The Dream Team
You’ve seen the statistics. You are aware of the opportunity.
- 78 million baby boomers.
- 10,000 turning 65 each day.
- A huge group of adults with tremendous ministry potential.
- You know your current senior adult ministry won’t reach them.
- What do you do? How do you start?
One great way to begin to move a ministry with the new old from an idea to a reality is to form a Dream Team. Several churches have launched or expanded their boomer ministries this way and have seen some great results.
What is a Dream Team?
A dream team is a small group of adults in the boomer age range (I’d suggest adults age 55-70) who commit to meeting three to six times to brainstorm about ministry with the new old. For some church leaders, one goal of the dream team is that several of those who are a part of the group will develop a passion for reaching the new old and will become leaders that will spear-head the ministry.
In an effort to better understand the dream team concept, I interviewed some church leaders who have pioneered the dream team idea. From them, I gathered several key elements that will help you have a successful dream team.
Strategies for a Successful Dream Team
1. Choose high capacity people and extend a personal invitation. Dave McElheran, Encore Ministries pastor at Cedar Mills Bible Church in Portland, Oregon selects adults who are committed Christians and engaged as active members at the church. He also considers how well the adults will relate to the others on the team, because good discussion is essential to the success of the dream team. The group should be between eight to twelve participants. Any larger and it will be too hard to have a good interchange of ideas. Some churches invite all couples, while others choose a mixture of couples and singles. Make sure you have both males and females.
2. Assure the participants that the Dream Team is a short-term commitment. A common characteristic of baby boomers who are moving into the retirement season of life is that they do not want to be tied down. They desire flexibility and want to be able to leave town to visit a grandchild or participate in an activity of their choosing. You will be much more successful in forming your dream team, if you make it clear that the group is only going to meet for 4 weeks (or 6 or whatever number you choose).
3. Clearly communicate your reason for forming the Dream Team. Deni Starbuck, associate pastor at Christ the King Community Church in Bellingham, WA, said that her goal for the team was to simply gather people who would brainstorm with her as to what a ministry with boomers might look like, what activities would attract them and what it would take to make a group like this become a sustainable ministry.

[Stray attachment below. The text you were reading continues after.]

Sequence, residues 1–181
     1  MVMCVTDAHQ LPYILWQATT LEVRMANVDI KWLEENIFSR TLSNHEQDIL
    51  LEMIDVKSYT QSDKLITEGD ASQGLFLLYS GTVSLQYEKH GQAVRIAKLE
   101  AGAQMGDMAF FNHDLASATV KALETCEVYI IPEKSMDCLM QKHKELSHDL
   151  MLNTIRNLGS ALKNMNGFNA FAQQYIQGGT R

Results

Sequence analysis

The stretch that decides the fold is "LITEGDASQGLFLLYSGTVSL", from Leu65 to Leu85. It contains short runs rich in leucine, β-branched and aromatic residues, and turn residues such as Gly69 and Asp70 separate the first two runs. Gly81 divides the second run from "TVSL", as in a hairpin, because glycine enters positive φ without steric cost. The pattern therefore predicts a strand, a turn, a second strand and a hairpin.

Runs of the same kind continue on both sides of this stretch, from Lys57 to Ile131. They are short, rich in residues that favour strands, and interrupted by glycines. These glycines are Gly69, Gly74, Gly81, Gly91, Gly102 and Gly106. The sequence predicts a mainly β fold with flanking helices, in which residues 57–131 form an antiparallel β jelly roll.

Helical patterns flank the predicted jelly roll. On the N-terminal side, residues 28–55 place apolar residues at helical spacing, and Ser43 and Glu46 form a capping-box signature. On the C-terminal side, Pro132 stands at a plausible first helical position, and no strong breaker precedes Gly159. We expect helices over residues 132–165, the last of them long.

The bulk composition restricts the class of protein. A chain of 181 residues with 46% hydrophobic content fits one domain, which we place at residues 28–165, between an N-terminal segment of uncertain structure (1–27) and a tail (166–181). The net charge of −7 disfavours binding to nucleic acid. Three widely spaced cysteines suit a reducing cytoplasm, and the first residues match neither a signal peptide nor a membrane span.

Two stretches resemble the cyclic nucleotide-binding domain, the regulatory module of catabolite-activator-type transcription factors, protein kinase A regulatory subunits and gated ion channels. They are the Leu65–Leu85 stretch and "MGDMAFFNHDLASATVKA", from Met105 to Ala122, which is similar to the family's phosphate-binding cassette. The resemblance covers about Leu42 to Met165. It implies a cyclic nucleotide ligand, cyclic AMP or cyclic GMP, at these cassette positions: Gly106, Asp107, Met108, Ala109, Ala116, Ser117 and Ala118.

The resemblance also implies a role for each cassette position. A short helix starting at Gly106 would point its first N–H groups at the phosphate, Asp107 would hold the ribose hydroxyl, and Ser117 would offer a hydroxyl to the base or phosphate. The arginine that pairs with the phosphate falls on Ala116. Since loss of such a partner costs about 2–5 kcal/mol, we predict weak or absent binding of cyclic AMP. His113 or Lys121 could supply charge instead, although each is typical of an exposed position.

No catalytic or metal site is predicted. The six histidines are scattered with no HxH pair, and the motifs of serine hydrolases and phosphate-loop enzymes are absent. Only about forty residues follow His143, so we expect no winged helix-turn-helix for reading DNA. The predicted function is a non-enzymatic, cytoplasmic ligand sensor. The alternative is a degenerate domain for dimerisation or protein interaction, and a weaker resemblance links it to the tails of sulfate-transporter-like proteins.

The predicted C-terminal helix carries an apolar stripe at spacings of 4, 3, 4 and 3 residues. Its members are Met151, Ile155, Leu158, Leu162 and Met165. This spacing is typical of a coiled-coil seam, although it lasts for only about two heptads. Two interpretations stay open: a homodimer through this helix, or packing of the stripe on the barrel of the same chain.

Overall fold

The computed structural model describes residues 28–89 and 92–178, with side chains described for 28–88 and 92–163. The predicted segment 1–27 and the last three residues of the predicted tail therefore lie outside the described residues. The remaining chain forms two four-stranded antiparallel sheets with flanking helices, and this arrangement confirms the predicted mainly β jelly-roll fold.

4. Prepare for a meaningful discussion. After a person accepts the invitation to be a part of the dream team, Dave McElheran and his wife Bev, send a letter that explains when and where the group will meet. (Dave’s group met one evening a week, for 4 weeks, in their home. Then, he would select 8 more individuals for a new group. Deni, held her dream team on Sundays immediately following the last church service for 3 weeks and she provided lunch). In the letter that Dave and his wife send, they list 4 discussion questions, one question for each of the meetings. Then, at each gathering, one question is discussed and notes are written down to document the exchange of ideas.
Week 1: What would minister to you and your needs or what do you perceive are the needs of Encore people within our church?
Week 2: What Kingdom building ministry would you like to see developed for Encore?
Week 3: What type of ministry would you like to see developed for connection with in the Encore community in our body?
Week 4: What community activities would interest you for impacting our local area and what activities would allow us to provide the greatest amount of influence in the community?
As ministry ideas are suggested, the team is reminded that leaders will be needed to make these ministries a reality. Some of the team members catch a vision for the ministry and take on a long term leadership role while others move into other areas of church ministry after the 4 weeks. Regardless, the understanding of ministry with the new old has grown, ideas are shared and passions are ignited. If you want additional information about the dream team concept or if you have used something similar to the dream team in your church, please write to Amy at email@example.com.